Sole is one of the best home fitness brands around, so if you’re looking for a quality elliptical, they’re a great place to start. They offer a great selection of treadmills, ellipticals, and exercise bikes to choose from.
And when it comes to ellipticals, both their E25 and E35 are 2 of the top models around in their respective price ranges.
The E35 is an upgraded version of the budget-friendly E25- as such, it comes with a heavier flywheel, longer warranty, and heavier-duty frame.
There’s really no debating the fact that the E35 is a higher-end elliptical, but the real question is whether or not these upgrades are worth the extra $500.
And that’s exactly what I’m hoping to help you answer.
In this comparative review, I’ll go over all the key differences between the Sole E25 and the E35.
After reading, you’ll know which model is best suited for your home gym.
|Sole E25||Sole E35|
|Resistance||20 lb flywheel|
20 levels of resistance
20 levels of incline
|25 lb flywheel
20 levels of resistance
20 levels of incline
|Frame||212 lb assembled weight|
350 lb weight capacity
|231 lb assembled weight
375 lb weight capacity
3 year parts
1 year labor
5 year parts
2 year labor
|Features||10 workout programs|
Chest strap included
|10 workout programs
Chest strap included
The Sole E25 vs The E35
Above images courtesy of Sole Fitness
I really can’t say enough good things about Sole Fitness (and I promise I don’t secretly work for them). Personally, I think they are the perfect home fitness brand.
Their machines are durable, easy to use, and fairly priced… I mean really, what more could you want?
Well, I will say that if you’re looking for workout streaming or fancier consoles, Sole probably isn’t your best bet. As I said, Sole products are easy to use.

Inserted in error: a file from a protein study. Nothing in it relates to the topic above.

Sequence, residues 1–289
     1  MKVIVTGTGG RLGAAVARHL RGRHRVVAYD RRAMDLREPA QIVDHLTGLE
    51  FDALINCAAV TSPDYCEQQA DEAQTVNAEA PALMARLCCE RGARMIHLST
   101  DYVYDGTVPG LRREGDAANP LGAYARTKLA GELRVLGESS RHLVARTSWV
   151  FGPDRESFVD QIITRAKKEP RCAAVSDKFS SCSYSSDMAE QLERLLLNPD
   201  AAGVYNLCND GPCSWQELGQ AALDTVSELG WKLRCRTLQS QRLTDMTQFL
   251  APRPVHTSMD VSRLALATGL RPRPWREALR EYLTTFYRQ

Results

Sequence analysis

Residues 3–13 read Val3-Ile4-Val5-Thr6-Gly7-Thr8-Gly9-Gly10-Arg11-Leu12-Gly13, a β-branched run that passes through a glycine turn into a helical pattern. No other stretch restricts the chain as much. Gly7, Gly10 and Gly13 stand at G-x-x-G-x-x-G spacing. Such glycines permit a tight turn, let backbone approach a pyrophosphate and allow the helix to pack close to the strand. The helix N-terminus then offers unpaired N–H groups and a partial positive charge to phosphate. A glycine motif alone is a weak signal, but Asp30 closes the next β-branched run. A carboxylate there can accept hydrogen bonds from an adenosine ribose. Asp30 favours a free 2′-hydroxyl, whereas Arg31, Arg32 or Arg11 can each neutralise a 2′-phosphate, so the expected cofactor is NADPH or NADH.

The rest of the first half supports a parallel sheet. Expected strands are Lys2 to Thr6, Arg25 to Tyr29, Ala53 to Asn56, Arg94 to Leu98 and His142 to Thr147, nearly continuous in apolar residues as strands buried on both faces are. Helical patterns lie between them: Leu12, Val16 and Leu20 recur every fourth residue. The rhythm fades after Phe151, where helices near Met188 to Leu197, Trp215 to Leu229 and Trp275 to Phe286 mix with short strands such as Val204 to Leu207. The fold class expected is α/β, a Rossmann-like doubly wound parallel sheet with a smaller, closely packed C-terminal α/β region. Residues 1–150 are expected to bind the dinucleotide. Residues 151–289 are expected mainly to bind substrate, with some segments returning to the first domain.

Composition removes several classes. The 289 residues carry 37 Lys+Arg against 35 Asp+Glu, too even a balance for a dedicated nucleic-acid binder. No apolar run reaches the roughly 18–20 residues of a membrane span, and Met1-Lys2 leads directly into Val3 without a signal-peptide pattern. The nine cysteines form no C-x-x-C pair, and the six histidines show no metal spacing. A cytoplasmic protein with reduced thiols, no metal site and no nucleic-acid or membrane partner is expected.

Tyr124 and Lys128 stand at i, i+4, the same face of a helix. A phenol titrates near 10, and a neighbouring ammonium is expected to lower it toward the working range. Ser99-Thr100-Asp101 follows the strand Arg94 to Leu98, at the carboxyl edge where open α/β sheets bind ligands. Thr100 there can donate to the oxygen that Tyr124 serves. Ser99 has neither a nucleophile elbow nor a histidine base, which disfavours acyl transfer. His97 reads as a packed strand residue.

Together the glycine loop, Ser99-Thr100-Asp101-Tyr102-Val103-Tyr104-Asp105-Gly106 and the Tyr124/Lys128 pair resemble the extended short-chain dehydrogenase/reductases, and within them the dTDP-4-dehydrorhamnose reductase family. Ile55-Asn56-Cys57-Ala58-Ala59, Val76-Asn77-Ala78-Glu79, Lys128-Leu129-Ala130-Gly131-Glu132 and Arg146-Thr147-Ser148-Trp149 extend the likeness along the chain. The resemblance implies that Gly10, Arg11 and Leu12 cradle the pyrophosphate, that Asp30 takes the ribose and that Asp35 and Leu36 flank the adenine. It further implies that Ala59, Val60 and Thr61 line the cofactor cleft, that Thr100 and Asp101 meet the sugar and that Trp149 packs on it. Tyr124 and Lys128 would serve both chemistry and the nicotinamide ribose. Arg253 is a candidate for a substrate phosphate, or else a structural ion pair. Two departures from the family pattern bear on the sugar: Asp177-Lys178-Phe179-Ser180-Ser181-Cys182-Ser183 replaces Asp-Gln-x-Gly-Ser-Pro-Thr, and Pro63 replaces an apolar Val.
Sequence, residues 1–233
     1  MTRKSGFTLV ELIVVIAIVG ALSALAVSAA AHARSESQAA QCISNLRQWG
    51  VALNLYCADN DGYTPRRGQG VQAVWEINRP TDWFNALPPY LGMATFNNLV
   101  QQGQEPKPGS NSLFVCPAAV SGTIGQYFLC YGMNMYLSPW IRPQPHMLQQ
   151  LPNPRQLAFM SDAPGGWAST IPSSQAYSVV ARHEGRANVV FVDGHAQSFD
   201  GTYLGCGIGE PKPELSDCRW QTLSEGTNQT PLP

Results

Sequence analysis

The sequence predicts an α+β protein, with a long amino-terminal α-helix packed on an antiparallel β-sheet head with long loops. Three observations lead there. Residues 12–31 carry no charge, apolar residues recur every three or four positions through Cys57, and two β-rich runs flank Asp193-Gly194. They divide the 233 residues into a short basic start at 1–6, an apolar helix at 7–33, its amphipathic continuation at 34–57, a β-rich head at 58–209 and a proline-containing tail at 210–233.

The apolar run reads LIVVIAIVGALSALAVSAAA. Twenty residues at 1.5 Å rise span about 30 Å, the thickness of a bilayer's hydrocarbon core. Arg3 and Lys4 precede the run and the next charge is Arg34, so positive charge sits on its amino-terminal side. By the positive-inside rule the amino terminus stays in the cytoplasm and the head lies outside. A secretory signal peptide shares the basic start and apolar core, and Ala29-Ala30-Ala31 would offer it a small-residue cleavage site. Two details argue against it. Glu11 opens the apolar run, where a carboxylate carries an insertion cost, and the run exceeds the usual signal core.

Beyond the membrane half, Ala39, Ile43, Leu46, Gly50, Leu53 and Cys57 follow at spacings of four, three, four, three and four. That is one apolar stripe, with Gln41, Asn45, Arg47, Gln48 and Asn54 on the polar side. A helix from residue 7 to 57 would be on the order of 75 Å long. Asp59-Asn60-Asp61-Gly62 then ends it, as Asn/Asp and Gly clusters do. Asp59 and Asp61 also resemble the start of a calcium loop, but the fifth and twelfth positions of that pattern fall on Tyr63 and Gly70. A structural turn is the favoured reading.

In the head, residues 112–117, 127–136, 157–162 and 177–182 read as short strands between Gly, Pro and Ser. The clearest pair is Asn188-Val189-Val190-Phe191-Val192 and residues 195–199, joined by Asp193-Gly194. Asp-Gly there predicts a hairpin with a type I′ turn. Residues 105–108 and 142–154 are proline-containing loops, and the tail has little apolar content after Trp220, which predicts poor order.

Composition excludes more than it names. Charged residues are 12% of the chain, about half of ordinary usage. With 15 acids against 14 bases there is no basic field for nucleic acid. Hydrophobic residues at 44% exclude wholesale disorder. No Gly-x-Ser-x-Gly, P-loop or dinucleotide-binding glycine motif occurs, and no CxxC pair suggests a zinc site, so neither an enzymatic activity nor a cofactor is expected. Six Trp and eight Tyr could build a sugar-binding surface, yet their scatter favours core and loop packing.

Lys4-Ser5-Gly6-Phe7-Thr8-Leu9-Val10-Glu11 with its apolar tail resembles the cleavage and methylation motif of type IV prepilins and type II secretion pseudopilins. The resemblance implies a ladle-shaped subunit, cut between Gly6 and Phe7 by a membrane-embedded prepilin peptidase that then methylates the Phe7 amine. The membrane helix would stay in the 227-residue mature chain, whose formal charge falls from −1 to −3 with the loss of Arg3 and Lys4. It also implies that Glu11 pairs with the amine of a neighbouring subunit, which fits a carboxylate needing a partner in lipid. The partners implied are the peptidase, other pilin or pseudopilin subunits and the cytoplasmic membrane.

But if you aren’t concerned with that stuff and simply want a durable product that’s designed for optimal performance, Sole is a smart choice.
Sole has a pretty extensive collection of cardio machines to choose from too.
Something all Sole products have in common is a generous warranty, another reason I like this brand so much.
When it comes to their ellipticals, Sole has 6 to choose from (and all the model numbers conveniently start with an “E”, followed by a number- the higher the number, the more expensive the model).
When comparing these 2 ellipticals, I think it makes sense to start with the performance aspect of things and then move on to the console features.
I hope this works for ya, cause that’s how I’ve decided to organize this review.
If you want to see a comparison of all Sole ellipticals, check my complete Sole Elliptical Guide.
The stride length is easily one of the most important specs to consider when looking at any elliptical, so this is probably the best place to start.
By the way, the stride length refers to how far your feet move apart (front to back) during use.
This is going to be a pretty short discussion, since the E25 and the E35 both come with the same 20″ stride length, but if you’re interested in hearing more, check out my article on how to find the best stride length based on your height.
So yeah, both of these ellipticals come with the same stride length, so this spec won’t play into your decision making process.